In the comments there were suggestions about disconnecting sessions after a particular time or after a particular amount of data transferred. That seems to work on the surface, if you also limit the number of connections the user can make. Allowing 10 connections a day, with a limit of 1 MB / connection, would limit them to moving just 10 MB. Perhaps something like that could be made to work if the normal intended use requires much less data transfer than the unwanted scenario.

But what if they just send the file somewhere else? It should be easy to set up an SSH/FTP/whatever server somewhere else and send the file through that. Or via HTTP(S), at least curl has options like --data @filename and --upload-file, and setting up the server side shouldn't be hard. If you remove the already existing tools, what if the program they run on the system sends the data away while/instead of processing it?

What you would need to do, is to limit what the program having access to the data can do with some kind of a sandbox.

Arrange for the code to run in a virtual machine that has no access to the outside, other than some interface for uploading the code and downloading the results, with appropriate controls for what gets accepted as a valid upload and a valid result. Or use somthing like seccomp to limit what the code can do.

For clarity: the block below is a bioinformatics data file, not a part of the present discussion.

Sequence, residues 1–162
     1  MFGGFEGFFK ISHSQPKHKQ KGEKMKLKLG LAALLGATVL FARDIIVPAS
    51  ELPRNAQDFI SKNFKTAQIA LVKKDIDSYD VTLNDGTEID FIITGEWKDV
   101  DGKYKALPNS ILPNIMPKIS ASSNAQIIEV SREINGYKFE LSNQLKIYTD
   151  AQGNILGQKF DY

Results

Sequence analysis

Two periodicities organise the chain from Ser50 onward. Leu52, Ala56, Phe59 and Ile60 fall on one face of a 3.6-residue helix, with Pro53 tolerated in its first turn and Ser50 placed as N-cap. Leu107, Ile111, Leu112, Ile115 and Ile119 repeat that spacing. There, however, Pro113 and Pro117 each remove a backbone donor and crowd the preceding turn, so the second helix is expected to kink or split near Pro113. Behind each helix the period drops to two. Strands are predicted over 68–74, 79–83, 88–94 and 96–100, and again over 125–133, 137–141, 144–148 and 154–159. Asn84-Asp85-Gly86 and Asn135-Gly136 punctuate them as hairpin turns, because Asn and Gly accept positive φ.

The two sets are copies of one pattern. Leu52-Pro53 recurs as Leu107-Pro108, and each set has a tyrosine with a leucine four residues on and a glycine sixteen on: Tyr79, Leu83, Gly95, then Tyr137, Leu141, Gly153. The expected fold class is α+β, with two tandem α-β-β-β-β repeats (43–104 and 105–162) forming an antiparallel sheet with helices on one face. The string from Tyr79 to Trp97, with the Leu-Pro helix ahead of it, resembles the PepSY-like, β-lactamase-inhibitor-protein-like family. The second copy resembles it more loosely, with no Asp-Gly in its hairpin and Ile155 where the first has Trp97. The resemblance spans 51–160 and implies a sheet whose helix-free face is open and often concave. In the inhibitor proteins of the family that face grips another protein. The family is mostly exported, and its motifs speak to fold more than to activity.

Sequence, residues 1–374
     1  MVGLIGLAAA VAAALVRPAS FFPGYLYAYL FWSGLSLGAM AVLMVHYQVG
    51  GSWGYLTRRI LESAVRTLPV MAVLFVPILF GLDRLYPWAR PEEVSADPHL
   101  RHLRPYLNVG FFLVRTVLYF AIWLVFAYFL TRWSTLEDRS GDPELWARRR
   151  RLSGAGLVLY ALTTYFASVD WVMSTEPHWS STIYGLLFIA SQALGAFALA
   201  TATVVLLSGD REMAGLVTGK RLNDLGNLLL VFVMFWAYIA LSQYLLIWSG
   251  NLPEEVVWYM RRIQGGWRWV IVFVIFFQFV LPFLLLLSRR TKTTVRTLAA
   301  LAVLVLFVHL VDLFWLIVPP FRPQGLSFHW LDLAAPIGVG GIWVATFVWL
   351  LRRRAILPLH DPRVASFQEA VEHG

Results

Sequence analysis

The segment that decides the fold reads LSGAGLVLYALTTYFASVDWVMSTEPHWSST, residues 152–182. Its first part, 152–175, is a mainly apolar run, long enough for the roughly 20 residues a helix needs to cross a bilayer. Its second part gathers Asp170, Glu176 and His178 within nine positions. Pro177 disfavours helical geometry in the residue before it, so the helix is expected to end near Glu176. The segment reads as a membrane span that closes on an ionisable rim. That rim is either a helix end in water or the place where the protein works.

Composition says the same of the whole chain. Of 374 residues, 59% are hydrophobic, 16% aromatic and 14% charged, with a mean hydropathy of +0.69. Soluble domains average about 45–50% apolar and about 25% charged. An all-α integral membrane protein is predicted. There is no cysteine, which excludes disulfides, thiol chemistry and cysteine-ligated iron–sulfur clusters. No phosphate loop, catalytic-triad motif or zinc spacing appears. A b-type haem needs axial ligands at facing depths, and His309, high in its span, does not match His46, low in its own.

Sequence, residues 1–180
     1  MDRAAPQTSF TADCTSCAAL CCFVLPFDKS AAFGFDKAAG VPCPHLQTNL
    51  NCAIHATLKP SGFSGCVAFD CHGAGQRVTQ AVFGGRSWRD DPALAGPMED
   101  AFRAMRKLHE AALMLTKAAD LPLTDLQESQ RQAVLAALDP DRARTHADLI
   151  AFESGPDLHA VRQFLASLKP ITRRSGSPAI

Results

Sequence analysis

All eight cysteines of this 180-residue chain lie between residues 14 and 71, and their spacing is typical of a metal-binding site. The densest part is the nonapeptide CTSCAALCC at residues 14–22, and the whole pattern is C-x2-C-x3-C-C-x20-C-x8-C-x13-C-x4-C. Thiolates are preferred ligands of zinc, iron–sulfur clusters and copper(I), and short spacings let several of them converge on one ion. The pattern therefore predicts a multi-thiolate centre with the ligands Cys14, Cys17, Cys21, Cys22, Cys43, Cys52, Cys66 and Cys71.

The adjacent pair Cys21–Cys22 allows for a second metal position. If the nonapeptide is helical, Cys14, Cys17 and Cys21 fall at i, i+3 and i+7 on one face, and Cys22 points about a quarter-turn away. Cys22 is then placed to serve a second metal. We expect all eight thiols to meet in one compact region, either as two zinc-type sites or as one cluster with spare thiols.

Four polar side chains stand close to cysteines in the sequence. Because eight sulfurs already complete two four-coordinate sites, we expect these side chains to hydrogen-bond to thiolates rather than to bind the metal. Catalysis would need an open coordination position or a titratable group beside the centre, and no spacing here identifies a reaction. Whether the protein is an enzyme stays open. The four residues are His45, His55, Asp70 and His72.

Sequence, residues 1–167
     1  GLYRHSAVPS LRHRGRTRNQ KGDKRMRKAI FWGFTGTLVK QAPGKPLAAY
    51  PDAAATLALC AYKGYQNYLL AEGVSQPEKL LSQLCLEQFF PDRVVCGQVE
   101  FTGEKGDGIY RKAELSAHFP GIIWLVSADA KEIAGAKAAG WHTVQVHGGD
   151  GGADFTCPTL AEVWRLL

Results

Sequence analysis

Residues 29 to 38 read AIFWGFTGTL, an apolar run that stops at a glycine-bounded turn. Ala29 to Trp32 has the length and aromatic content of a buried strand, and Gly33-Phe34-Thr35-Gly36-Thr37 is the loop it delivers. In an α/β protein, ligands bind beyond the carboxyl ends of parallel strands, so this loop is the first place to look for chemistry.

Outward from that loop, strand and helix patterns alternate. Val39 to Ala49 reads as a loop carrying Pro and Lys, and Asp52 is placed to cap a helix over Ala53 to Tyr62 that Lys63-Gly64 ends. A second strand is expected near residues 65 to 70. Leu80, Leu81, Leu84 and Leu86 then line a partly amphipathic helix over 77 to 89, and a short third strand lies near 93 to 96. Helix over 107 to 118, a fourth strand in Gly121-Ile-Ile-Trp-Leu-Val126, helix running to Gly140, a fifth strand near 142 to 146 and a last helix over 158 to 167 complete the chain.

• The only "practical" thing that would prevent BULK download with ssh is to rate-limit the ssh connections (eg. at 256kb/s, it would take them ~10 hours to download a 1G file, while still being perfectly usable for an interactive ssh session), but how to do that should be to subject of a separate questions.
    – user313992
    Mar 21, 2020 at 12:34
  • Limiting a user to 10 connections / day, or some data cap like 1MB / connection is not practical, because a user may trip that limit just because of some flaky connection, or because they forgot to add a | tail to some command. Also, since the developer is supposed to access those files as part of their job, seccomp won't help.
    – user313992
    Mar 21, 2020 at 13:15
  • @pizdelect, sure, you're free to write your own answer about bandwidth limiting or contractual restrictions. The idea for limiting the amount of data per connection, and the number of connections per time unit comes from the comments, like I wrote above. That's also the only reason I mentioned it. The question says that the employee needs to be able to "test out [their] code", which sounds like some sort of mass processing, not having to look at individual pieces of the data. For that, seccomp just might work, though of course it depends on what the output is supposed to be.